Franklin

SESTAK vs. SPECTER
May 18, 2010

Whether you like the old codger or not, Arlen Specter knows how to win elections. At least that’s what he and his surrogates have been telling Pennsylvania voters—over and over again—in his dead-heat senatorial primary race with Joe Sestak. “People recognize that I am the only guy who can beat” GOP challenger Pat Toomey, Specter told CNN on Sunday. Sestak “can’t do it.” Meanwhile the state Democratic chairman, T.J.

Specter of Defeat
May 05, 2010

Just over a year ago, Democratic Congressman Joe Sestak was seriously weighing a Senate bid in Pennsylvania against then-Republican Arlen Specter, but he wanted one last word of sage advice. So he called up his former boss, Bill Clinton, for whom he’d served as director for defense policy on the National Security Council, and, according to Sestak, “he invited me over to sit down with him over at his home in Georgetown.” But the meeting didn’t go exactly as planned. “Just as I walked in,” Sestak says, “an aide came up and said, ‘Did you hear?

How Obama Ruined Passover
March 30, 2010

According to Commentary's Jennifer Rubin: Obama, as presidents have traditionally done, released a Passover message. It is typical Obama — off-key, hyper-political, and condescending. The core of the message is this: The enduring story of the Exodus teaches us that, wherever we live, there is oppression to be fought and freedom to be won.

Keystone Blues
February 24, 2010

Scott Brown did not win in Massachusetts because Democrat Martha Coakley believed that Red Sox pitcher Curt Schilling liked the Yankees. If you want to see the same chilling pattern that elected Brown in erstwhile Democratic Massachusetts, look at the latest Franklin and Marshall poll on Pennsylvania politics. Pennsylvania has voted for a Democratic president since 1992. It has two Democratic senators, a Democratic governor, and its congressional delegation consists of twelve Democrats to seven Republicans.

Enhancing Venture Capital to Drive Innovation
February 11, 2010

To create the new jobs needed in our nation, and make sure our world-leading creativity and innovation ends up creating new businesses, we need deeper pools of venture and early stage capital. Nowhere are jobs needed more than in the Midwest manufacturing belt. A recent Brookings Metropolitan Policy Program report authored by Cleveland’s Frank Samuel suggests how we might better link new technology discovery going on in the ‘Rust Belt” to new firm creation. It turns out the industrial heartland reaching from Minneapolis, Milwaukee, and St.

Drunk with Power
October 02, 2009

In 2001, an entrepreneur named Tom Casten traveled down to southern Louisiana, near the small town of Franklin, with a clever idea. For decades, the area had sustained a pair of chemical plants that produced carbon black, a grimy powder used in printer ink and tire rubber. But the owner of one of the plants, Cabot Corporation, was struggling to compete against cheap tire imports from abroad, and desperately seeking ways to cut costs. That’s where Casten came in. He pointed out that the gas left over from the carbon-black process was just getting wasted--burned off and flared up into the sky.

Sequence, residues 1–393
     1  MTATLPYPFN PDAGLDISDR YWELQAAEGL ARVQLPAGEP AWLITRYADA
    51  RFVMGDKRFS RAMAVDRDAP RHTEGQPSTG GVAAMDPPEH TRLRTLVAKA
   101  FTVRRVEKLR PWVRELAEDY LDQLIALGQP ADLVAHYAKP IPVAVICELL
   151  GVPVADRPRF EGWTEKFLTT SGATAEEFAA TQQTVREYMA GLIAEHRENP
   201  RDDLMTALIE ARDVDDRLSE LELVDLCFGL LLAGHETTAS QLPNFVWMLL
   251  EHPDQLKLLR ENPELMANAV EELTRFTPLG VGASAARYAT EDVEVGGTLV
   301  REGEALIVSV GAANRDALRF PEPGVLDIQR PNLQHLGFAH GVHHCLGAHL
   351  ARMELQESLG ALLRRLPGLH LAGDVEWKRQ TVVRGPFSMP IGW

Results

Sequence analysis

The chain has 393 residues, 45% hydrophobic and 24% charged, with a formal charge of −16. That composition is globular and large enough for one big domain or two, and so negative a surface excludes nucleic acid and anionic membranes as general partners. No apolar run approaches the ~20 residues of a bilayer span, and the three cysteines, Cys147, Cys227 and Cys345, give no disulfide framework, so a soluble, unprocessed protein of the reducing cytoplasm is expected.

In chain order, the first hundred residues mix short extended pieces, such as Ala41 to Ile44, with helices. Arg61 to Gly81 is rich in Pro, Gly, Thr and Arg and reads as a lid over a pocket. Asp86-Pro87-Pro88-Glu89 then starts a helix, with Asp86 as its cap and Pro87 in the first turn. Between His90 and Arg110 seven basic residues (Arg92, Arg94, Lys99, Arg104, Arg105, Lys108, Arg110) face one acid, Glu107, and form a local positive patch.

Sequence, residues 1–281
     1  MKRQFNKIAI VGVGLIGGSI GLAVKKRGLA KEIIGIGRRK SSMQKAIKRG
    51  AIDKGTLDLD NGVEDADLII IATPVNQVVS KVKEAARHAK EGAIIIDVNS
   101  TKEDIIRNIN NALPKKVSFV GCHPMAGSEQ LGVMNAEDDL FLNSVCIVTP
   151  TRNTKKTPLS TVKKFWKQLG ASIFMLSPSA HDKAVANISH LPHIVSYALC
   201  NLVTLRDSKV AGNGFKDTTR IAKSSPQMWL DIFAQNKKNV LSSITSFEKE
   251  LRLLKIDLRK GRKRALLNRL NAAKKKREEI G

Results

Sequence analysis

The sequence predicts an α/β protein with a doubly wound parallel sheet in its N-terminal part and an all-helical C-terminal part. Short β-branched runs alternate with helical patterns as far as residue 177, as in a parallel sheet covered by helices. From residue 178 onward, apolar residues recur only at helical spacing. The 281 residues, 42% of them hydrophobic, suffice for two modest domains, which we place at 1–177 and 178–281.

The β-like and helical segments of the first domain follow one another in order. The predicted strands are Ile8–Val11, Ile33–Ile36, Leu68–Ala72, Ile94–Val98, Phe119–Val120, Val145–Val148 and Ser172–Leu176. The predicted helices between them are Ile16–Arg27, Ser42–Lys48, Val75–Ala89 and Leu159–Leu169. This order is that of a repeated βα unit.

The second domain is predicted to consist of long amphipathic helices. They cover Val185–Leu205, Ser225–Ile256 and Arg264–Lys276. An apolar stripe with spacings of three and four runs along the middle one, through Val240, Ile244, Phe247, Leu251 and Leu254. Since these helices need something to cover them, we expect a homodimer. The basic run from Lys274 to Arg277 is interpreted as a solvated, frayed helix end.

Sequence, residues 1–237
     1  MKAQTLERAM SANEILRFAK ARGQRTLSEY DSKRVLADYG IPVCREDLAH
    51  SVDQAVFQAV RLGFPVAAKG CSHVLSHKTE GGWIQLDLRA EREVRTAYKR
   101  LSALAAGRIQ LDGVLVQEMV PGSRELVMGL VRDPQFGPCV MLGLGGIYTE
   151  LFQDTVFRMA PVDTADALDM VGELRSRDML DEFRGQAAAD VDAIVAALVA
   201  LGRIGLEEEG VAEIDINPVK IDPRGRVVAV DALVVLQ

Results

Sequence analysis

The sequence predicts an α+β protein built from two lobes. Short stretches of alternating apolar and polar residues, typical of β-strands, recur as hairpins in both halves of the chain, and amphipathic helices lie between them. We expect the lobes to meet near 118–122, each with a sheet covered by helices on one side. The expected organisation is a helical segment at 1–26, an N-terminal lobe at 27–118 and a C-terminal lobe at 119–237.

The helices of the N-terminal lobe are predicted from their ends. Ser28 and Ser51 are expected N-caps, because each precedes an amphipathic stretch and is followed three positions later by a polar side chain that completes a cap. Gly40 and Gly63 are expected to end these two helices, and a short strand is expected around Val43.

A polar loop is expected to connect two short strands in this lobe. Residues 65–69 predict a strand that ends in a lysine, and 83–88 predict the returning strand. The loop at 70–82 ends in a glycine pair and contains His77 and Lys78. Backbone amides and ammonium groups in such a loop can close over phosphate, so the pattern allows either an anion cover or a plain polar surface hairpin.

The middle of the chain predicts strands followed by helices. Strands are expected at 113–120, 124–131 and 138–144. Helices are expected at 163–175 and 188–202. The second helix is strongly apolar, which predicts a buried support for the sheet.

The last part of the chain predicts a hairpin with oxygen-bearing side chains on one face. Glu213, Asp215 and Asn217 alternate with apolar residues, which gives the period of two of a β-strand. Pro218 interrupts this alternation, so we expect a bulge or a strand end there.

Murthaville
September 01, 2009

Congressman John Murtha passed away today. Below, you'll find a recent magazine feature that we ran on him--and the town he represented for 36 years. One night last August, John Murtha, the U.S. Representative from Pennsylvania’s Twelfth Congressional District, paid a visit to the LBK Game Ranch, a private hunting camp in the hills above his home city of Johnstown. About 60 people had gathered in the ranch’s lodge--a luxury five-bedroom log cabin decorated with deer antlers and flat-screen televisions--to raise money for his 2008 campaign. There were two odd things about the event.

Iran Amok
March 18, 2009

Michael Crowley on Dennis Ross's mission impossible.

The Believers
June 04, 2007

Gracia Burnham needed a backpack. Months earlier, she and herhusband, Martin, had been kidnapped and dragged into the jungles ofthe Philippines by members of the Al Qaeda-linked Abu Sayyaf, or "Bearer of the Sword," and they had nothing in which to carry their few belongings. Until, that is, one morning when one of their kidnappers was shot and killed in the midst of a blundered rescue effort by the Filipino army.

Correspondence
July 31, 2006

Icky Pop NIALL FERGUSON AND SAMUEL J. Abrams claim that anti-immigrant feeling in Europe stems from an illiberal, racist, and xenophobic populism that is especially pronounced in countries where people "most strongly support the proposition that immigrants should embrace the culture of their adoptive countries" ("Pop Up," June 19). Is that an unreasonable expectation? Aren't there elements of Muslim culture that, in the interest of liberal values, Europeans should not be prepared to welcome? Polygamy? Female circumcision? Honor killings of women in cases of adultery and rape?

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